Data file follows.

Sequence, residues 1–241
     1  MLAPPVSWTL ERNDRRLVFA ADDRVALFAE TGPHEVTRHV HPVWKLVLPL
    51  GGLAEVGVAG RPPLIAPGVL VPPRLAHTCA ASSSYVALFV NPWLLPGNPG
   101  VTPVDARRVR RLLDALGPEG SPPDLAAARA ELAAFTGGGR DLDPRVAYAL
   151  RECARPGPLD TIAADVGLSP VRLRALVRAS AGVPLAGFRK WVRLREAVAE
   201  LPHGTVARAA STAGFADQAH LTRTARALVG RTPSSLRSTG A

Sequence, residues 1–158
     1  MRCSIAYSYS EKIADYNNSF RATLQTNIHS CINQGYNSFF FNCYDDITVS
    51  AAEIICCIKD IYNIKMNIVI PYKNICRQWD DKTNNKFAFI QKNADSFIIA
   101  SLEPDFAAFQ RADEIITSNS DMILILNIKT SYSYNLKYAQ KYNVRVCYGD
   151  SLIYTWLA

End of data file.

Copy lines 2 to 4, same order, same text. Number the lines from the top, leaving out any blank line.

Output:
     1  MLAPPVSWTL ERNDRRLVFA ADDRVALFAE TGPHEVTRHV HPVWKLVLPL
    51  GGLAEVGVAG RPPLIAPGVL VPPRLAHTCA ASSSYVALFV NPWLLPGNPG
   101  VTPVDARRVR RLLDALGPEG SPPDLAAARA ELAAFTGGGR DLDPRVAYAL